Don't Drink the Dioxin

You could get whiplash watching the scientific back-and-forth on dioxin. In 1982 the federal government evacuated Times Beach, Mo., after waste oil laced with the toxic chemical was spread on streets to control dust; in 1991, the official who ordered the residents out called the move "unnecessary." In the 1980s dioxin was branded the most potent man-made carcinogen known to science; in 1991 it became "no more risky than spending a week sunbathing," according to a New York Times article. One 1991 government study blamed high levels of dioxin for numerous cancers in chemical workers; another found no excess cancers among veterans who handled Agent Orange, the Vietnam defoliant contaminated with dioxin. Given this history, few would expect any pronouncement on dioxin to be the last word. But a much-delayed, 2,000-page report by the U.S. Environmental Protection Agency, to be released this week, comes as close as anything. In a shock to the industries that promoted the recent dioxin revisionism, its estimate of dioxin's cancer potency is as high as ever. Moreover, says the EPA's Dr. Lynn Goldman, who oversees the three-year study, "we [now] have stronger evidence that dioxin exposure can result in a number of noncancer health effects."

Dioxin is not a commercial product but a contaminant. It is created during high-temperature combustion in municipal and hospital incinerators, for instance, and produced inadvertently during the chlorine-bleaching of pulp for paper and the manufacture of some pesticides. Some comes from forest fires and volcanoes. From all these sources it gets onto plants and into the food chain. (Cows eat dioxin-laced clover, and animal fat accounts for 90 percent of Americans' "body burden" of dioxin.) So while there was no doubt that dioxin is around, there were lots of questions about whether that mattered: decades of lab data suggested dioxin was a potent carcinogen in rodents, but effects in humans were equivocal. In 1991 scientists thought they'd figured out why. In order to exert any biological effect, went the new hypothesis, dioxin must first bind to thousands of molecules on cells called receptors. The receptors carry the dioxin to the cells' DNA, where it disrupts genes for hormones, enzymes and growth factors. This cascade can unleash effects from birth defects to cancer. As science, this was pretty interesting. As a guide to policy, it was shocking: since it takes thousands of dioxin-filled receptors to unleash the genetic cascade, there might be a "safe" level of the chemical. The EPA launched its reassessment.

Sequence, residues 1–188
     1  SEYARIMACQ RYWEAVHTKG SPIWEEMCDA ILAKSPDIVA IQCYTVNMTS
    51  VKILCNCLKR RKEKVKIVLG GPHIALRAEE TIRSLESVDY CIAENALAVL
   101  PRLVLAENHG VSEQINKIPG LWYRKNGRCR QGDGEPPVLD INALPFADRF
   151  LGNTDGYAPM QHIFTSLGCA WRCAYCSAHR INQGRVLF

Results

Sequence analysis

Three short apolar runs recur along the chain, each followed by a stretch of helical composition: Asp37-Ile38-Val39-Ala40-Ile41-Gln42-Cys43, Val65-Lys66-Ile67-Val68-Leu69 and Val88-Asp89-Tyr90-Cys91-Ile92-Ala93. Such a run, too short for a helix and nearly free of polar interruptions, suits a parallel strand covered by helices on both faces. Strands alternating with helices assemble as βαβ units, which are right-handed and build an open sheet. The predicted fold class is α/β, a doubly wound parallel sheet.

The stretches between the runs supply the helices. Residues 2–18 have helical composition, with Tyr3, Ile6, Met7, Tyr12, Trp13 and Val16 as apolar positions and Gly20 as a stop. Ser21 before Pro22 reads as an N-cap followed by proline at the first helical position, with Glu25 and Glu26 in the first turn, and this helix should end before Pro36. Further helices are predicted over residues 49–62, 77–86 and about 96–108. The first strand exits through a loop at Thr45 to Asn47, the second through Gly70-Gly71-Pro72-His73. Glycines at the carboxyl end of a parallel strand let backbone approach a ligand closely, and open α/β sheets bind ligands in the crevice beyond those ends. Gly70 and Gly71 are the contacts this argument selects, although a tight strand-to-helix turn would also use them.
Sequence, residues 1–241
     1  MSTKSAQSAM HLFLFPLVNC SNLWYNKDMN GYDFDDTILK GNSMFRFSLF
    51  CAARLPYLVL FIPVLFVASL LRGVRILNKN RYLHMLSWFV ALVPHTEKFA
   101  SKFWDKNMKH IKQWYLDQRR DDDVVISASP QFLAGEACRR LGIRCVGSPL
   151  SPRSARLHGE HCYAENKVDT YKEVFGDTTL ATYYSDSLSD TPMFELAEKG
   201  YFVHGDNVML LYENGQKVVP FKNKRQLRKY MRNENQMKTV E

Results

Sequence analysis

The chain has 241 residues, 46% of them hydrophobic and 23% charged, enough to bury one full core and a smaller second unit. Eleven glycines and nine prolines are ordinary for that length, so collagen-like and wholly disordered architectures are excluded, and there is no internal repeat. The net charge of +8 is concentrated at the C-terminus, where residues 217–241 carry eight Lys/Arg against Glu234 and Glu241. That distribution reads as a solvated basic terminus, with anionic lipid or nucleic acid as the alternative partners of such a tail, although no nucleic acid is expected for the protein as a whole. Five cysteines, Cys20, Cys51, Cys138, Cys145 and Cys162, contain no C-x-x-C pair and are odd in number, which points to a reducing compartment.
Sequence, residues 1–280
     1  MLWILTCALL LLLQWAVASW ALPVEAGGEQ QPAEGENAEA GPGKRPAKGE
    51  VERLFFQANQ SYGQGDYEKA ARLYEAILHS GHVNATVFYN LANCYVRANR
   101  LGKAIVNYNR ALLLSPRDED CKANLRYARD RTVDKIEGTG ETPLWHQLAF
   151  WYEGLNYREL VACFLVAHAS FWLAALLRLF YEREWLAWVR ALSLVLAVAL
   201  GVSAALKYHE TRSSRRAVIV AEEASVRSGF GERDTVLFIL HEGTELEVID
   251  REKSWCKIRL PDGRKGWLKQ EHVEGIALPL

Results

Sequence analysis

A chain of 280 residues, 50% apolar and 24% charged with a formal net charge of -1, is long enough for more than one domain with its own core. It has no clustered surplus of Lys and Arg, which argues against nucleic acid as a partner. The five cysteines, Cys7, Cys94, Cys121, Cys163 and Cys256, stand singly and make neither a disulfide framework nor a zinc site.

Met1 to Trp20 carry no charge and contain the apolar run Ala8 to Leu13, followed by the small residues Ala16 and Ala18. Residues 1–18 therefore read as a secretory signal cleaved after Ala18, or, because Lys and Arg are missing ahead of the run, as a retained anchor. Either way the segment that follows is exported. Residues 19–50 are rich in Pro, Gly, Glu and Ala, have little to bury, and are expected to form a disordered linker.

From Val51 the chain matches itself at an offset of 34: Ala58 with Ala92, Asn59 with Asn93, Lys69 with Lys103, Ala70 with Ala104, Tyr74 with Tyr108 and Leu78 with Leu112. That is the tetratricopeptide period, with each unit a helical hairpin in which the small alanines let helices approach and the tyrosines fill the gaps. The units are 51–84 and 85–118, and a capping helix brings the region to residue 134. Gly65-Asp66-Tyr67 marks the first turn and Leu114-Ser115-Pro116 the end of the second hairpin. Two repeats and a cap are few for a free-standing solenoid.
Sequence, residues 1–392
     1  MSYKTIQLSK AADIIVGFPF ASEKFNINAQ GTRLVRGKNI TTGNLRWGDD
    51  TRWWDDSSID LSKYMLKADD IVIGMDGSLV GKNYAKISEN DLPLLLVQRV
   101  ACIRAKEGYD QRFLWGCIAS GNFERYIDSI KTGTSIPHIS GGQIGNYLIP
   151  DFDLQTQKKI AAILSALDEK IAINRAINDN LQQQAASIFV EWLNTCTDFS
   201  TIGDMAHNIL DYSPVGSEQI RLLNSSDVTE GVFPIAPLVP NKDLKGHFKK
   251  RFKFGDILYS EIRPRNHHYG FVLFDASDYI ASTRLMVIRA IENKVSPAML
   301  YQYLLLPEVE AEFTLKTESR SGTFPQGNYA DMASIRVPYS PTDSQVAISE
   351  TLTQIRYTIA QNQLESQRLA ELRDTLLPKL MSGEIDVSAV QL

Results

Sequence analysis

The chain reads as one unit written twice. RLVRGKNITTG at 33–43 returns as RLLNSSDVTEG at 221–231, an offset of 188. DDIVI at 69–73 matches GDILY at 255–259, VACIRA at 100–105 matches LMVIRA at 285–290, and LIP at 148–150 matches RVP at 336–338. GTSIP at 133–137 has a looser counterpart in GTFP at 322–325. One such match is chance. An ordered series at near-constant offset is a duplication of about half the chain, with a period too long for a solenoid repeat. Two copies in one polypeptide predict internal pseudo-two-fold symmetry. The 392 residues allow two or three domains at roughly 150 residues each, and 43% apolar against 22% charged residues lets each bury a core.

The result is not nearly what the chlorine and paper industries hoped for. "Industry," says toxicologist Peter deFur of the Environmental Defense Fund, "is about to be bitten by the snake it loosed." Although the data is not strong enough to call dioxin a "known" human carcinogen (like nicotine), the EPA says it is "likely to present a cancer hazard in humans." Dioxin does this by messing with genes that regulate cell growth and differentiation. Even more devastating are dioxin's noncancer effects: reproductive abnormalities, liver damage, diabetes-like symptoms and immune-system suppression, which increases susceptibility to infection and metastatic cancer. Some of the immune-system effects occur at or near levels to which Americans are already exposed. "If there is [a safe level of dioxin]," says the EPA's Goldman, "the general population is already above that." This is not a case of toxicity showing up at levels equivalent to 800 cans of diet soda; they appear at real-world exposure levels.

Scientists, industry and everyone else now have 120 days to comment on this week's report before the EPA starts to act on it. Already, the cattle and chemical industries are sniping that the EPA overestimated how much dioxin people are exposed to. But if the basic conclusions stand, the EPA will probably come down hard on sources of dioxin. The pulp and paper industry, which has already slashed dioxin emissions by 92 percent since 1988, may have to do even more. States, which may set dioxin standards for industrial waste water based on "sound science," will have less leeway: Georgia set a standard, for instance, 550 times higher than the federal one. But beyond any practical effects, EPA's report restores, for better or worse, dioxin's status as the pre-eminent symbol of the age of toxics.

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